Sermon

A Father’s Day Reflection – June 17, 2018

Mark 4:26-34; Philippians 4:4-8

Happy father’s day!  I wish all the Dads here “Happy Father’s Day,” because (I don’t know about you, but I think) Fathers don’t get much attention/respect nowadays.  In the Korean culture, the authority of a father as the head of family is the focal point of the family life.  I try to teach this cultural value to my children, but it is not easy because they live in a different culture.

It was a couple of years ago, when Elizabeth called me from behind, “Dad?”  So, I turned around and I literally said, “Oh my Goodness,” because I have never realized until that moment that my daughter was such a tall and beautiful girl.

Is this the little girl I carried?  When did she get to be a beauty?  On that day, she was wearing a black one-piece that she ordered from internet for the first time to show me.  I continued, “Elizabeth, this is too short.  It’s too sexy for you.  Don’t wear that, OK?”  Her response was “Are you kidding me, dad?”

Similar conversations keep happening since then.  It was last Wednesday when I said, “Your pants are too short and too tight.”  Elizabeth’s response was “What are you talking about, dad?  You should look at other girls at school.”  Well, first of all, you would never hear any Korean child speaking to his/her father, “Are you kidding me?  Or, what are you talking about?”  This is unthinkable in Korean culture.

It is true that fathers in our culture don’t get as much authority as fathers in Asian culture do.  It might be too much generalization, but I think it is very true.  Sorry!  So, let me say one more time: “Happy Father’s Day!”

I was surfing the net last week and I came across a “Father’s Day Photo Album.”  It was a collection of photos of fathers and their children.  These photos had been sent in by people who wanted to share them.  In one picture a man was sitting with his son in a fishing boat.  In another two fathers were with their children on the shore.  Each of the photos showed a father and his children smiling and happy.

At that same site there were surveys and discussions of the state of Fatherhood.  As I read this discussion I realized that the photo album was not presenting the real life situation.  The photos were the ideal of what fatherhood should look like.  The discussions brought up the realities of absentee fathers… the reality of fathers who feel the need to work overtime or who are emotionally isolated from their children.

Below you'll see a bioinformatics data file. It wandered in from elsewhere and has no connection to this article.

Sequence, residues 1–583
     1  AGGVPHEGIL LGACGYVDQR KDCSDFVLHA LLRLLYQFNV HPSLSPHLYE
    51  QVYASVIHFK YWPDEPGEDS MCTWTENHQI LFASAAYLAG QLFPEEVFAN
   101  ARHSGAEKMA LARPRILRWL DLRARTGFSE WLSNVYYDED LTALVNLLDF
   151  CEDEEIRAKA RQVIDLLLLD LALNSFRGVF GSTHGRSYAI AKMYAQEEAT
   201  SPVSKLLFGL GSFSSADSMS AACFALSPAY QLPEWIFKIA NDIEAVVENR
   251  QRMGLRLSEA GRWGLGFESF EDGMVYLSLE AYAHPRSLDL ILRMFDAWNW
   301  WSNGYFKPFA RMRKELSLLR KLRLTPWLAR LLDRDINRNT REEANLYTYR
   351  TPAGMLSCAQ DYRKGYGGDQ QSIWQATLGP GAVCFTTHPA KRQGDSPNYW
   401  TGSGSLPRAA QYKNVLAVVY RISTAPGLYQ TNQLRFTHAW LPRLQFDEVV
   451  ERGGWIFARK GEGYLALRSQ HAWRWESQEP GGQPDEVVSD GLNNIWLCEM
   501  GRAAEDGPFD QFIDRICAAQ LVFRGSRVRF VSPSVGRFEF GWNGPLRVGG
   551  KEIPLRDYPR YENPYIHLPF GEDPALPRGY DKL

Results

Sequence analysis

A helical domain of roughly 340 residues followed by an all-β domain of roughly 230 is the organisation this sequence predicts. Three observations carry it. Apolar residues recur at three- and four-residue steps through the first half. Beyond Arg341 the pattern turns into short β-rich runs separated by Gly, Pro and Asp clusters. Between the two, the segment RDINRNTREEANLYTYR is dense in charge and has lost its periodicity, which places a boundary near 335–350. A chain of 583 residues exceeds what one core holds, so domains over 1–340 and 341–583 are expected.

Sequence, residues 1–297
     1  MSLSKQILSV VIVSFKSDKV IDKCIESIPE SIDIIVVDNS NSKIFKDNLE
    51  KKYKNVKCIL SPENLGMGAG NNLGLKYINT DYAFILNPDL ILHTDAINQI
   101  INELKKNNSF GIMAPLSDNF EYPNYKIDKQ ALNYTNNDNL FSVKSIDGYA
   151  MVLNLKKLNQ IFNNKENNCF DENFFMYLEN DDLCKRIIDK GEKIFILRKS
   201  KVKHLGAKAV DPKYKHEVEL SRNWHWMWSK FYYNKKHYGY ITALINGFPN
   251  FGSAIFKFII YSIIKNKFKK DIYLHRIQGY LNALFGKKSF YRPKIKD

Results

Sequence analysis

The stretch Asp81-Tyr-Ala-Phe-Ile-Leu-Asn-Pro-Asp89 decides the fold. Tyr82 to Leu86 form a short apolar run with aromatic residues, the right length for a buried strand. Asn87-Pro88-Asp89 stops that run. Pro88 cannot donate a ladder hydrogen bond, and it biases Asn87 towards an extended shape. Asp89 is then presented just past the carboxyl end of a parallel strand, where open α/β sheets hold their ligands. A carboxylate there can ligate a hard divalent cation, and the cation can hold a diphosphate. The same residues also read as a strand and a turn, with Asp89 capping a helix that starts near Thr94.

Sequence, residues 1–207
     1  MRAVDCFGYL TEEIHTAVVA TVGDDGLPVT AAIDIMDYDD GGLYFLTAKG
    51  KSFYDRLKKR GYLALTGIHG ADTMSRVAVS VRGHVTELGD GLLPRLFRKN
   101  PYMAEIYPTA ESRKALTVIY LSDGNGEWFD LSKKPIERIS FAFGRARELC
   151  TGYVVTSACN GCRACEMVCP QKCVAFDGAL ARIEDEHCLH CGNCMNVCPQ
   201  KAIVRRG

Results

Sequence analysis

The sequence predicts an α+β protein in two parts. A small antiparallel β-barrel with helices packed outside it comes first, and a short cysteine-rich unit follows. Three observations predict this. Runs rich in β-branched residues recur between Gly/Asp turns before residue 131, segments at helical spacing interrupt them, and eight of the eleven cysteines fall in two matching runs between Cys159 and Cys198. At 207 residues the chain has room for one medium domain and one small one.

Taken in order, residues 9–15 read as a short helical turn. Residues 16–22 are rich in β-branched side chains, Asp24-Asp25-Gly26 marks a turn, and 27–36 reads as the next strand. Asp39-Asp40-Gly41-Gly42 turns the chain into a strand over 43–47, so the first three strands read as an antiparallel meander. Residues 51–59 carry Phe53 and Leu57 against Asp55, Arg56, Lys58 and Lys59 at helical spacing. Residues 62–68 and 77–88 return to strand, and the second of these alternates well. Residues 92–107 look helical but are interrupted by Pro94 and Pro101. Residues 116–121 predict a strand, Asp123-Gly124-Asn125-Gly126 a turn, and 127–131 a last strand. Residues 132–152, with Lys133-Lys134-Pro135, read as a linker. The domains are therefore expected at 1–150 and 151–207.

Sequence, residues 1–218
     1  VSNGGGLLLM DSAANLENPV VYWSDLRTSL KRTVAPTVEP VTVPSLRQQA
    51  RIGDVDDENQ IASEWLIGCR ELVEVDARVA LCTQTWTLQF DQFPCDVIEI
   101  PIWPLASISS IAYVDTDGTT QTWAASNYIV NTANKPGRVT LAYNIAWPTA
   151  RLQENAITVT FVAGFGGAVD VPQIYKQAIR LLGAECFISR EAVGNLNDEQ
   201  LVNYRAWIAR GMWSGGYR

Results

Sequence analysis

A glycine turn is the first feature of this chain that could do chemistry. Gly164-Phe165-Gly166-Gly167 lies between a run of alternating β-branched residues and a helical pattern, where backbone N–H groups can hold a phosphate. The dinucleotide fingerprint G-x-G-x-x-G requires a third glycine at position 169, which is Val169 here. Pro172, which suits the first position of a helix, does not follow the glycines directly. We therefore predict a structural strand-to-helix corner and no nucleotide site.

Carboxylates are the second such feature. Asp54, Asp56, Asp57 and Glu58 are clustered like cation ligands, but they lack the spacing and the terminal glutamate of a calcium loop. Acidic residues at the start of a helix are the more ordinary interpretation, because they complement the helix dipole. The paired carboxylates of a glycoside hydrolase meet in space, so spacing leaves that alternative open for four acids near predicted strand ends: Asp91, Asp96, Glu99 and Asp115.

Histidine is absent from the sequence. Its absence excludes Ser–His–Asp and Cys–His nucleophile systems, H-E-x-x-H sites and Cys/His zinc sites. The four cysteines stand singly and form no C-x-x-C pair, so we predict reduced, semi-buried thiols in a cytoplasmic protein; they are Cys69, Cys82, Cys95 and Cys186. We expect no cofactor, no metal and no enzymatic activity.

Father’s Day is a little different in the church than in the world.  In the church all men are fathers.  Each time a child is baptized in the church the whole church promises to nurture one another in the Christian faith and include the child being baptized in that nurturing.  We also promise to surround them with a community of love and forgiveness that they may grow in service and love to others and to pray for them.  Any Christian man who takes those vows takes the responsibility of raising and nurturing those children in faith.

A good example of this is Paul and Timothy.  Paul was not Timothy’s biological father.  Timothy’s biological father was an absentee father – at least he is absent from the Bible.  All we know about him is that he was not a Christian.  We don’t even know his name but we know the names of Timothy’s mother and grandmother which indicates that they had a deeper relationship with him than his father.

In many ways Paul filled this void.  He became a father figure to Timothy.  He took Timothy under his wing and “nurtured him in the Christian faith.”  He even called Timothy his “son” (1 Tim. 1:18, 2 Tim 2:1).  And Timothy grew to be a dedicated servant of God in part because of the care of Paul, his father in faith.

So if we were to create a photo album filled with pictures of the ideal of Christian fatherhood what would it look like?  It would include men teaching children to pray.  It would include pictures of men working beside children in serving others.  It would show men and children laughing and playing at Sunday School and fellowship hour and other church programs.  This album would show men telling the Bible stories and singing the Gospel songs with children.  It would have picture after picture of men passing on the faith.

These are what we want to see.  Do you know where we can see this photo album?  You can see these pictures on our new church website: umcdarien.org.  There, thanks to the diligent update by our IT minister, Barry Seeman, we can see the faith growing in the lives of our children.  We also can see the same thing Jesus was talking about in Mark.  He said, “The kingdom of God is like someone who scatters seeds and then they grow.”  Please, check it out to see how we scatter seeds and how our children grow.

We want to see faith growing like a mustard seed in our children’s lives.  We want to see faith in God shoring up the lives of our children.  We want to see youth who are standing on the solid rock of Christ.  We want to see the love of God coming to full fruit as young people serve others in the name of Christ and devote themselves to Christ.